The city will look to voters to increase the tax on oil production in November as it seeks new revenue sources to fund social and environmental initiatives.

The City Council on Wednesday agreed in an 8-0 vote to ask voters to add 15 cents to the current taxes on oil production in the city. Councilman Al Austin did not respond to a roll call vote on the item.

If adopted by voters, the 15 cent tax would go toward funding health equity, youth and climate-related initiatives in the city. The choice to target those issues was largely driven by the nationwide protests that have occurred since late May calling for reforms and investments in underfunded communities.

The effective date for the tax would not be until October of 2021, and the City Council would have the ability to reduce the tax amount to as low as zero cents per barrel, effectively giving future City Councils the ability to eliminate the tax entirely. The tax would also drop off in months that the price of oil dips below $20 per barrel.

If adopted, the tax could generate about $1.6 million annually according to city officials though they acknowledged that the amount of revenue created would likely be volatile and would “decrease at a noticeable rate” as oil production continues to decline.

The council reached its decision after hours of discussion about whether the proposed tax was the best way to address the issues it would aim to support.

Councilwoman Stacy Mungo proposed allocating just over $2 million to fund those causes outright without placing a tax increase on oil production, saying that investing in a tax levied on a resource that fluctuates as wildly as oil might not be the most stable move for the city.

“I just don’t think I would take that risk as a person or a family,” Mungo said.

Some council members objected to the roughly $1 million it’s projected to cost the city to put this on the Nov. 3 ballot, while others questioned the ethics of the education campaign the city would undertake to make voters aware of the ballot measure.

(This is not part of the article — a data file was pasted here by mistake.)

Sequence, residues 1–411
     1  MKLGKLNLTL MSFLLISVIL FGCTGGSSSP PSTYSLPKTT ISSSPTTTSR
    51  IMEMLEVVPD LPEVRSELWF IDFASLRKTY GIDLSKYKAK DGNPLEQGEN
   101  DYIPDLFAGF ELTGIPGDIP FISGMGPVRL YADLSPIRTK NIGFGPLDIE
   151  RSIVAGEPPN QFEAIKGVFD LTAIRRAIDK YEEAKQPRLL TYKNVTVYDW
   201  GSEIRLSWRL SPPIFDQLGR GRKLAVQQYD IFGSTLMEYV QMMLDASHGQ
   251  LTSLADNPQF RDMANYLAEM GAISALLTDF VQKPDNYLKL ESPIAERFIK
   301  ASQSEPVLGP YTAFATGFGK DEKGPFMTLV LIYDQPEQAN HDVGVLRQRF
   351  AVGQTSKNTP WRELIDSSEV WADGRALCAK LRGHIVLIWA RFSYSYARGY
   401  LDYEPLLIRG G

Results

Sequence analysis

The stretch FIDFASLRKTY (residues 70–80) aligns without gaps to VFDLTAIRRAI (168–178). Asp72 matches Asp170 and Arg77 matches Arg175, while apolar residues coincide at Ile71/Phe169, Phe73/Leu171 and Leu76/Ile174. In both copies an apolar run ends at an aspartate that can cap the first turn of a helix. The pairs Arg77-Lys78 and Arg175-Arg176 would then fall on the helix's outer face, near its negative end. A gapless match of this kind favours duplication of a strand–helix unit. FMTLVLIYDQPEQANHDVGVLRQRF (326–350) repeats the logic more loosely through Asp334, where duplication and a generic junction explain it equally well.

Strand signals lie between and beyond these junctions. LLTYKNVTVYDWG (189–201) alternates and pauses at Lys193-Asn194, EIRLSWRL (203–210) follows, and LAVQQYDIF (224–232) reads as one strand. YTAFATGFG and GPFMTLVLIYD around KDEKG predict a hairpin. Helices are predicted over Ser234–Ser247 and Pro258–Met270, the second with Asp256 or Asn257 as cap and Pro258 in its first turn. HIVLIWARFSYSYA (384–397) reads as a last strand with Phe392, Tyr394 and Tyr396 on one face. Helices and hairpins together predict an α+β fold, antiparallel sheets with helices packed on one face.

“I’m not comfortable with using public money to try and encourage a vote in one way or the other,” said Councilwoman Suzie Price.

Councilman Rex Richardson, a co-sponsor of the item which was introduced earlier this month, said that the city has an equity mandate before it and the time to act to invest in youth and equity is now.

“We have an opportunity today to take some real action,” Richardson said. “If the voters decide to go the other way, our conscience is clear.”

The proposed tax was largely supported by members of the public, some of whom called for a higher tax to be placed on oil production, with the proceeds going to the communities that have been negatively impacted by the city’s long history with oil production and other polluting industries.

City Manager Tom Modica said that a community survey that is still in draft form and has yet to be made public showed that somewhere between 52% to 57% of voters would likely support the tax. Because it would be a general tax, the proposed oil tax would only require a simple majority to become law.

That might not be the only obstacle standing in the way of the oil production tax.

A letter from the State Lands commission expressed concern that the proposed tax was outside the scope of allowable taxes on oil production on state land. The State of California stands to be the second-largest party to the proposed tax increase and could pay up to 36% of the tax. It previously opposed an oil tax increase in 2012.

“While Commission staff understands the City’s rationale for the proposed tax, staff is concerned that the proposed tax increase may improperly affect the City’s fiduciary responsibilities as trustee for the State, as well as its contractual obligations as the unit operator for the Long Beach Unit and West Wilmington,” the July 7 letter read.

A representative from the California Attorney General’s office spoke on the matter and suggested that there were some “serious” legal concerns in the proposed tax that could bring about a lawsuit.

However, Deputy City Attorney Rich Anthony said that the amendments added to the language by Richardson, including the October start date and the potential for the tax to be lowered or eliminated in the future by the council, had lowered the likelihood of litigation “quite a bit.”

The proposed tax will now head to the Nov. 3 ballot.

Jason Ruiz covers City Hall and politics for the Long Beach Post. Reach him at [email protected] or @JasonRuiz_LB on Twitter.